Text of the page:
This was super early on in Superboy's career. He still thinks he is the cloned Superman. He doesn't understand his tactile TK yet. 

But if he is a Kryptonian clone, how does he survive a hail of Kryptonite bullets from Bloodsport? Perhaps the idea that he isn't a Kryptonian should've been germinating even back then. Perry really breaks down the clues.

Perry also knows that Conner is full of potential.

Again, this look at Perry's thoughts on these Supermen is a great hook for the story.

So how great is it to read Perry's thoughts on the Cyborg turning out to be evil.

Perry thought he was Superman. Perry put a headline up declaring 'Superman is back' with the Cyborg. 

This page of Perry kicking himself for backing the wrong player, for being fooled by the Cyborg, by not following the rules of journalism ... and all because he needed that hope, he needed Superman to come back ... is just powerful. 

In many ways this is a Perry story. 

Great art by Jurgens bringing us back to 1993.

I love this page. For some reason, it just struck me as similar to the Busiek Superman:Secret Identity covers.

We do get a retelling of the return of Superman and his defeating the Cyborg.

I had to include this page, a 'blink and you'll miss her' sighting of the Matrix Supergirl. 

Was the current Supergirl around when Doomsday killed Superman? Has continuity been re-written?

After all that, Perry reflects on Superman. 

Superman is the best of us, so he makes us try to be our best.

You want to read a primer on what Superman should be? Read this page. 

With the four flashback stories done, we cut to the present.

The Cyborg has been skirmishing with Steel, Superboy, and the Eradicator. Turns out Henshaw wants to get the DNA of this colleagues from STAR in hopes of resurrecting his family. It is a little sympathetic. It is an interesting flip of the resurrection story which is percolating in these flashbacks.

Too bad the ending comes quickly with the Phantom Zone Projector.

I swear I need to put a 'it has been this many days since DC got out of a story jam with the Phantom Zone Projector' sign on my door.

With the Cyborg gone, the real Superman shows up. He knew his friends had things in hand.

Looking back at Perry's journal, Lois sees how he ended up processing the death and return of Superman.

He sees Superman as an inspiration, spawning legacy.

This was comic comfort food for me, going back to a period in comics that feels still new but also classic. 30 years ago! How time flies!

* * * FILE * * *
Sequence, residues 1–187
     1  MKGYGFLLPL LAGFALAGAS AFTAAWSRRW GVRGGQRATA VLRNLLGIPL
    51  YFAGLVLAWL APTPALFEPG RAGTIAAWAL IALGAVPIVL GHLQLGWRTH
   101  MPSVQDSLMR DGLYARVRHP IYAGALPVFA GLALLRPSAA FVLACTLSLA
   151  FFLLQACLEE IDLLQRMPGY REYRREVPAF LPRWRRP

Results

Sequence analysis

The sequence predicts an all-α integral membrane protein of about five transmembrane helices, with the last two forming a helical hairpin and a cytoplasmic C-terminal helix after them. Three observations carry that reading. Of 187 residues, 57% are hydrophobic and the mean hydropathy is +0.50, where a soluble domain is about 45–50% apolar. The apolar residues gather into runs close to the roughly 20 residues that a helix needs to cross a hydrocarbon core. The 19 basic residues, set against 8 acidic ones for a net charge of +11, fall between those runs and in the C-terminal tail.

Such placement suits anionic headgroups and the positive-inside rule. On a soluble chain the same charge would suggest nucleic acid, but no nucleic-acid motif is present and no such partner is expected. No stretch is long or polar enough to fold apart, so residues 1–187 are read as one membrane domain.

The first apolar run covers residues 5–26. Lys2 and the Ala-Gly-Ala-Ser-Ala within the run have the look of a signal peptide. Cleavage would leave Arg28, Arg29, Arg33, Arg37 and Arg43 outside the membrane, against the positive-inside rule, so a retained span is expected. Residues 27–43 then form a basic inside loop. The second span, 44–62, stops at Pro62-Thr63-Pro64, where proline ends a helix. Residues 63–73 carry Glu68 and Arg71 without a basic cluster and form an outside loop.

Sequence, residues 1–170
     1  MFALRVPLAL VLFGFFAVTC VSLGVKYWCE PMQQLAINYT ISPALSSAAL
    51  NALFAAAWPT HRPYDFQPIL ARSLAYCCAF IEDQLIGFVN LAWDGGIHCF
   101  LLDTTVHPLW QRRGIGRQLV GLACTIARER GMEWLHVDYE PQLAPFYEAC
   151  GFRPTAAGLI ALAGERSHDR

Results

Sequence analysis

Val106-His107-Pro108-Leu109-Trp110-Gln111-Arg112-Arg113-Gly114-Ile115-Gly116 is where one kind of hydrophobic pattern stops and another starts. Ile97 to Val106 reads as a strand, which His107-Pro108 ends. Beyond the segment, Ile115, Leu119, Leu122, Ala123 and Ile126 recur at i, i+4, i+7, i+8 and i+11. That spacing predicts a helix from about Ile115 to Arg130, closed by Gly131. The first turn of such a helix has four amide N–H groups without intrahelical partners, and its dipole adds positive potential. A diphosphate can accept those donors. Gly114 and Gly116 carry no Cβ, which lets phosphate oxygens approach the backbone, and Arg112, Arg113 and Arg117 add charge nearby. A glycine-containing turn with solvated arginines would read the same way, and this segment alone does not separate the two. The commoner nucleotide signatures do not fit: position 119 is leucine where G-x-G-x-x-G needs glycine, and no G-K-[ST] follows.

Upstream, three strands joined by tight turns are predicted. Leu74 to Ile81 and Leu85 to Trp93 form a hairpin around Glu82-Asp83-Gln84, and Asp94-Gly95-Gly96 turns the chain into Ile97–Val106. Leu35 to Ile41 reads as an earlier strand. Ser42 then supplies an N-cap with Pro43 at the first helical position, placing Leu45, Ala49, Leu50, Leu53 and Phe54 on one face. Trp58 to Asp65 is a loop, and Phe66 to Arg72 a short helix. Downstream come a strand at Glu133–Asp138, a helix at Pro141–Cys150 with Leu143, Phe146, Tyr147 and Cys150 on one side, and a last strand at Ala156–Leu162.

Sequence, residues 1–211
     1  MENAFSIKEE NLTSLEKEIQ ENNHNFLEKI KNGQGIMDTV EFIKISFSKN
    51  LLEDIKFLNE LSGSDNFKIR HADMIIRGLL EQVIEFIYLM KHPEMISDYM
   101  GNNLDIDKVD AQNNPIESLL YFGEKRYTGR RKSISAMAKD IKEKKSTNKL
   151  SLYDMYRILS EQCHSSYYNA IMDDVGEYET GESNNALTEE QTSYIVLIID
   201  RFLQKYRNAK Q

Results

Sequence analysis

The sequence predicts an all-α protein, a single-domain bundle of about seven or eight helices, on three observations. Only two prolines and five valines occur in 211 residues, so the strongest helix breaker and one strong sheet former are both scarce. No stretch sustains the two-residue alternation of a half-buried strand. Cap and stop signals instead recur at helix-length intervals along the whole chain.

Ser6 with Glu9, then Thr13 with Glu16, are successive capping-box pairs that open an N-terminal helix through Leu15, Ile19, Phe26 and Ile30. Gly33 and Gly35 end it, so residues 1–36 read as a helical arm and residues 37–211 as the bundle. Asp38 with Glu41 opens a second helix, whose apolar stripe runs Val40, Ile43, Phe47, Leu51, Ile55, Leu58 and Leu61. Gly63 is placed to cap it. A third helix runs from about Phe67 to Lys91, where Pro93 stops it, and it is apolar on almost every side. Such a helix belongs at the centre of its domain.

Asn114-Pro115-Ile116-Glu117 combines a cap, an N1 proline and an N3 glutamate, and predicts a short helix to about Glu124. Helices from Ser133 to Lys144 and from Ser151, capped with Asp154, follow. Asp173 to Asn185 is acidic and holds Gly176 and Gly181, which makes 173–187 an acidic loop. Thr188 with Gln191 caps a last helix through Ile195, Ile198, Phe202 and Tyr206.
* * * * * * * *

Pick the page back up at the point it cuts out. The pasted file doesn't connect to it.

I can only hope the price tag didn't keep people away.

Overall grade: B+


Anonymous said...

Supergirl appears in 4 panels in the Jurgens "Betrayal" story - one closeup and three in full costume.

The belt and boots are Matrix's (boots with stitching near the top, and without the yellow trim that many other versions of Supergirl have had), and in two of the three full illustrations, the skirt has the characteristic pointed diamond shape that only Matrix wore.

(In the third full illustration, the skirt doesn't appear to have been drawn that way, but that could be due to the perspective.)

So, I cannot be convinced that is NOT Matrix. Anyway, that's what I want it to be!

She remained silent throughout, though, maybe not accidentally. It's as if she was left floating around in the background like a ghost of ambiguous continuity.


Anj said...

So hard to figure out.

Matrix I think is completely out of continuity. A shame really.

Anonymous said...

I'm pretty sure that Superboy splash page WAS a poster; I think all four replacements had one, either inserted into their debut issues or used as promotional art for shops. Either way, even though that image of Superboy carrying a shower-garbed girl to safety was from all the way back in 1993, I do think it's been redrawn for this new anniversary special.

Martin Gray said...

Spot on Anon, the basis for that page was the poster in Adventures of Superman #501.

Thanks for the review, Anj, I loved this issue too, for the reasons you mention. It was so good to see Superboy with his peak personality, with no angst in sight.

And I loved the Krypton Man too, such a great costume design.

What a treat to have a Perry issue, and this has to be the most we’ve seen of Ron in years.

I loved Louise Simonson’s line when the kids on Ron’s street are wondering if the Metropolis Kid could really be Superman: ‘Get real Rosa, he doesn’t even have a cape.’ It’s like someone’s been looking at the new costumes.

Bayu Setiawan said...